Marlen Garcia: How Chicago can strengthen ‘sanctuary ordinance’

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Ald. Carlos Ramirez-Rosa (35th), shown here meeting with activists, has called for eliminating some exceptions to protections provided in Chicago’s Welcoming City ordinance. | Maudlyne Ihejirika/Sun-Times

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The purpose of Chicago’s Welcoming City ordinance, enacted in 2012, was to limit cooperation between the city’s police and U.S. Immigration and Customs Enforcement at a time when the Obama administration was deporting a record number of undocumented immigrants.

The surge in deportations, and local cops’ role in them, chipped away at trust between immigrants and police. The ordinance was meant to increase cooperation between undocumented immigrants and police who rely on residents to report crimes and assist in investigations. Cops don’t get help from immigrants who fear that contacting the police will set in motion deportation proceedings.

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The ordinance doesn’t prevent ICE from conducting raids or deportations but prohibits Chicago police from investigating immigration status for ICE without a court order or detaining immigrants when their sole offense is being undocumented. Cops in Chicago have real crimes to solve.

But Chicago carved exceptions into the ordinance that left a lot of room for cops and ICE to work together. Those exceptions allow cooperation when a particular undocumented immigrant has an outstanding criminal warrant; has been convicted of a felony; is a defendant in a criminal case; or the immigrant is identified as a gang member in a law enforcement database.

Advocacy groups are pushing the city to eliminate the exceptions. The groups say this is about due process and equal treatment.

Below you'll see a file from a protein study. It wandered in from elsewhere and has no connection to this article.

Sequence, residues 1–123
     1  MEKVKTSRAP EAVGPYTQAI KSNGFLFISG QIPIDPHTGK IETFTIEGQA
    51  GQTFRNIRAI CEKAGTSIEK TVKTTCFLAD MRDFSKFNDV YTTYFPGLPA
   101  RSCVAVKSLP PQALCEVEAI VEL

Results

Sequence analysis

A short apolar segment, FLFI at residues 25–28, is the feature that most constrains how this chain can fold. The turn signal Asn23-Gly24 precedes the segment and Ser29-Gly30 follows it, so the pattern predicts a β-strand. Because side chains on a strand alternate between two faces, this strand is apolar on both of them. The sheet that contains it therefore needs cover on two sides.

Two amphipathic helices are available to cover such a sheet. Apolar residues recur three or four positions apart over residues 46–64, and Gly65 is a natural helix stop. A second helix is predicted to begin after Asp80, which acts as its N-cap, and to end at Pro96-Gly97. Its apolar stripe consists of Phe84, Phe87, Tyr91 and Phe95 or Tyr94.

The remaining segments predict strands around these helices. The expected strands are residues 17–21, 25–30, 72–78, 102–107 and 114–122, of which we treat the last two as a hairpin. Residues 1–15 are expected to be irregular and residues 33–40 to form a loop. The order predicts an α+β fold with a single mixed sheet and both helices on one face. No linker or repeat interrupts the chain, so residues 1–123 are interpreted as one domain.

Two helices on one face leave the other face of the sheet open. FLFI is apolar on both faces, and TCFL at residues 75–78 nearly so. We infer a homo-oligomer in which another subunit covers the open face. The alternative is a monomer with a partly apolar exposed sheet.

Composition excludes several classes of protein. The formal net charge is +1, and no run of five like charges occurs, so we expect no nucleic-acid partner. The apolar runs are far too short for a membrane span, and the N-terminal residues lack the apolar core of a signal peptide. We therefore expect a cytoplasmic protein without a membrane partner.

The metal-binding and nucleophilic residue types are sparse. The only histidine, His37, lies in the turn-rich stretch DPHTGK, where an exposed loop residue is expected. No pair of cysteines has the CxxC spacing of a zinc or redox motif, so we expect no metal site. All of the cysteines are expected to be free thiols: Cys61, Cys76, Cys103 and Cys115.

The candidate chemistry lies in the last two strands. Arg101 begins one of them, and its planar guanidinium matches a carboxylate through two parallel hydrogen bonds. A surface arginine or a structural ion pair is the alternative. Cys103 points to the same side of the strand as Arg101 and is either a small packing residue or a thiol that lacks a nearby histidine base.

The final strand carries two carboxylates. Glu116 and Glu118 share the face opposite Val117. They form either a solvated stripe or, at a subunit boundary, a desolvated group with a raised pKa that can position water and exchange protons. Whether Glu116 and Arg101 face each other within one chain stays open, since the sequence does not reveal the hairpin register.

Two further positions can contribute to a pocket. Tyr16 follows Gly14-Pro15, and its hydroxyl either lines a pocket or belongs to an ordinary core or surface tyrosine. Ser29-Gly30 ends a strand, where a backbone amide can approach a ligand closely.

They also don’t trust a database that labels someone a gang member. “What counts as someone being in a gang?” asked Tania Unzueta, of Organized Communities Against Deportations.

They believe someone who is a defendant in a criminal case should be allowed to go through a legal process without Chicago cops triggering deportation proceedings.

“All we’re asking is to be treated the same as other residents of Chicago,” Imelda Salazar of the Southwest Organizing Project said.

And it appears they’re being heard at City Hall by Mayor Rahm Emanuel’s administration and aldermen.

Ald. Carlos Ramirez-Rosa (35th) is firmly on the side of eliminating the exceptions. It’s the next important step to strengthen the ordinance, he said on Wednesday, hours after the City Council passed an amendment to the Welcoming City ordinance aimed at preventing and punishing oral and physical abuse of immigrants by police and other city agencies.

Locally, there is a precedent to move forward without those exceptions. In 2011, Cook County enacted a policy on ICE detainer requests that didn’t leave much wiggle room to work with ICE. It called for the sheriff to decline such requests unless the federal government entered a written agreement to cover the county’s costs or ICE provided a criminal warrant.

In the last few years, politicians across the U.S. have seized on high-profile crimes by a relatively small number of undocumented immigrants to call for eliminating sanctuary ordinances.

Presidential candidate Donald Trump rips cities and counties that have enacted so-called sanctuary ordinances. Trump has threatened to pull back federal funding from municipalities that have these ordinances.

Trump also has promised to deport about 11 million undocumented immigrants currently residing in the U.S. That rhetoric is creating a call to action to protect the undocumented.

Ramirez-Rosa told me a Trump presidency would create an impetus to move on the proposal.

It will take some guts by Emanuel and aldermen to see this one through.


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